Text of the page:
Why land prices are soaring : Reverse Migration

Hi All,

Found this article on Economic Times. Now we have an answer as to why agricultural land prices are soaring. May be one of the reasons and why its becoming increasingly difficult to buy lands with hard earned money or savings :astonished: :astonished: .



KOLKATA/AHMEDABAD: Shyam Mukati, a 38-year-old farmer from Madhya Pradesh, has just sold his three acres of land in Indore suburbs at a premium and bought seven acres in Dewas district, which is 263 km away from Indore. A higher acreage means a bigger tonnage of crop and therefore a better price recovery. Like Mukati, Arun Saini, a potato farmer from Deesa city in Banaskantha district of Gujarat, sold his 10 acres to buy 50 acres 10 km away from the city. “It is a good deal for me. I am closer to markets and water level is good here,” said Saini.

Welcome to an emerging reverse migratory trend being fuelled chiefly by economic factors. Fairly affluent farmers who had bought farmland in city suburbs to enjoy the comfort of city life as well are now selling their properties and moving deeper into countryside. With property prices going up, suburban assets have given these farmers great returns which they have invested on larger tracts of land. Larger landholding is always an advantage, be it in terms of land value or farm output where tonnage is linked to acreage.

“Five years ago, only 1 per cent of our members would have opted for a reverse migration. But significantly in the last few years, it has gone up to 5-10 per cent,” said Prabhakar Kelkar, general secretary, Bharatiya Kisan Sangh.

Farmers tend to sell off their holdings closer to cities to real estate developers and builders. “Sometimes it so happens that state developmental corporations or municipal corporations eye on certain land. State agencies pay much less than real estate developers,” said a Punjab-based farmer, who has sold off his land closer to Chandigarh. But he did not want to quantify the volume of land he has bought in Rajasthan, where he will grow guar, which gave an astronomical return to farmers last year.

While unlocking higher value from the land is one of the major considerations, farmers are also looking at buying land in those areas where crops with higher returns are grown. Pointed out Rajesh Agarwal, coordinator of the Soya Bean Processors Association (Sopa): “We have seen that affluent farmers moving from urban areas to interiors of Madhya Pradesh and cultivating soya bean as the returns from the crop have improved in the last one year. There are even farmers from Punjab and Haryana who have moved in.” Soya bean prices have appreciated by 91 per cent in the last one year from Rs 2,350 per quintal to Rs 4,500 per quintal.

The trend is also picking up in south India as well. P Chengal Reddy, general secretary of Confederation of Indian Farmers Association, said small and marginal farmers holding 1-2 acres are moving to northern coastal parts of Andhra Pradesh such as Srikakulam and Vijayanagram. “Some farmers are also going to Orissa,” said Reddy.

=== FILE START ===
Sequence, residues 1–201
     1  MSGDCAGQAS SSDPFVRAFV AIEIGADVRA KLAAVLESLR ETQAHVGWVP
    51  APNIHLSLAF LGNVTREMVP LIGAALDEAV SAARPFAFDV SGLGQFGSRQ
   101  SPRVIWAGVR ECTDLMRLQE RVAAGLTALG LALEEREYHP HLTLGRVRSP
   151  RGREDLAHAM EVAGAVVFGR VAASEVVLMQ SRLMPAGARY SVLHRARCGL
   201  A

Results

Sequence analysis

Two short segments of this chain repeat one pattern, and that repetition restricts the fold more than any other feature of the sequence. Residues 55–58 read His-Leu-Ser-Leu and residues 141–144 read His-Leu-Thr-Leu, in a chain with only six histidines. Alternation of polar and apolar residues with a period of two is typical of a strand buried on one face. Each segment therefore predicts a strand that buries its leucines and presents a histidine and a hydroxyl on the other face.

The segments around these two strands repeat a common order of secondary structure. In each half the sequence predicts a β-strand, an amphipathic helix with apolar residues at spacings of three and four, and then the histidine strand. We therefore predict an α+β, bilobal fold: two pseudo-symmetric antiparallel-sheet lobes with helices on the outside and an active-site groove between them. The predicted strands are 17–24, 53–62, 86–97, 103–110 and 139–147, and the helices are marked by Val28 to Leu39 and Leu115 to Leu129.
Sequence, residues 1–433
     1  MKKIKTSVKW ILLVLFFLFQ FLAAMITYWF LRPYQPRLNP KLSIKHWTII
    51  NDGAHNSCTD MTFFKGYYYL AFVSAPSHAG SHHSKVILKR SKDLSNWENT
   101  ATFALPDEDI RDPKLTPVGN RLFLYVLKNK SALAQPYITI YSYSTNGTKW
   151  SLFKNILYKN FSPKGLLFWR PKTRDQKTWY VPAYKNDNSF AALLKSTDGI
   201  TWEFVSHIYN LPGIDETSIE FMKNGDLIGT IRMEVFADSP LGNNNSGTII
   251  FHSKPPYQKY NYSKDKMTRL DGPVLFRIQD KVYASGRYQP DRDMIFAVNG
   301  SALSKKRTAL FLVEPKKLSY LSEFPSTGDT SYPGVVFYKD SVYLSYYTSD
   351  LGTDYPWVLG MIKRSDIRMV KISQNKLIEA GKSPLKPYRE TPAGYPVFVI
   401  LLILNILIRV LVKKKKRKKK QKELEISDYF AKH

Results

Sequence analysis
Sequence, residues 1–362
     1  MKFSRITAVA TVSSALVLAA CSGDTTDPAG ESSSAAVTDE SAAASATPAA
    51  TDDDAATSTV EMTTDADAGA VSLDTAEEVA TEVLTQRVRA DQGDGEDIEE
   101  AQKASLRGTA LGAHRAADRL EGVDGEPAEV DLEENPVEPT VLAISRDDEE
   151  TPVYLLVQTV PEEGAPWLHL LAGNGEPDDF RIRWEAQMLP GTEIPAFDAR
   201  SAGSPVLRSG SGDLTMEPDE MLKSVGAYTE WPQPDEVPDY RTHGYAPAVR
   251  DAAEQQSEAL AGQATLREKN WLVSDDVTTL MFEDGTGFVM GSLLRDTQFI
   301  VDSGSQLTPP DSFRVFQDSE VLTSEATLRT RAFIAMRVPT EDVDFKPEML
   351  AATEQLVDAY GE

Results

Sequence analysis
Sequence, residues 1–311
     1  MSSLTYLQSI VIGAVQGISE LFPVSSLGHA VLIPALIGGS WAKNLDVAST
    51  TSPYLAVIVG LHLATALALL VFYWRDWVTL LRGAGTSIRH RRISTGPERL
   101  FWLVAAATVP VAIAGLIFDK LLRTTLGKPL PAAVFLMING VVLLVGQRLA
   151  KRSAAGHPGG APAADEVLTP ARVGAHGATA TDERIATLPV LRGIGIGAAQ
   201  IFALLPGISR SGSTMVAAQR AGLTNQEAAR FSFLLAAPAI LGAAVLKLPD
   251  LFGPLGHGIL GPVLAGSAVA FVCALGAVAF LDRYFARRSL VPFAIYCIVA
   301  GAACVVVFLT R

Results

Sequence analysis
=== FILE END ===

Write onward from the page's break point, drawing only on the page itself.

Apart from finding it a good business deal to buy land in other parts of the state and villages, some are also making purchases for emotional reasons. The 65-year-old Jagjit Sharma, a farmer from village Gundurdehi in district Balod of Chhattisgarh, is finalising a deal to purchase 10-15 acres of agriculture land near Batala, a small town in the border district of Gurdaspur of Punjab. Sharma’s family had migrated during Partition to Chhattisgarh. He now wants to reconnect with his ancestral land. “As the land is along the border, prices are not as exorbitant as in other parts of Punjab. I plan to grow fruit trees apart from wheat and basmati,” he said. Economists feel that this trend will result in a better utilisation of resources.

“Irrigation facility and markets are the factors leading to migration which is an economic phenomenon. It is good as it leads to a better allocation of resources. However, it has to be seen that people are not exploited, owing to the land rights law,” said economist Yoginder K Alagh, chairman of Institute of Rural Management, Anand.

Here is the link

economictimes.indiatimes.com/new … 534724.cms

I can vouch for this having witnessed the phenomena first hand in a region around Delhi. But it’s not just “affluent farmers” who are doing this… farmers from all classes are moving to “interiors” where land prices are cheaper compared to where they have the farm.

We bought a small agricultural plot about two years ago 100 Km outside Delhi. Its price has increased around 70% in less than two years partly because farmers in Greater NOIDA, an area close to Delhi, were recently awarded a hefty compensation by land authority and are now moving to interior areas (including where we have the land) several Km away.

Even the poor farmer from whom we bought the tiny piece of land, which falls on a state highway, has purchased twice the amount of land, relatively cheaper, in an interior area far off from the highway.

For the sake of full disclosure, I should add that all of the price increase is not because of farmers from NOIDA. Another reason, perhaps equally significant, is planned widening of the state highway.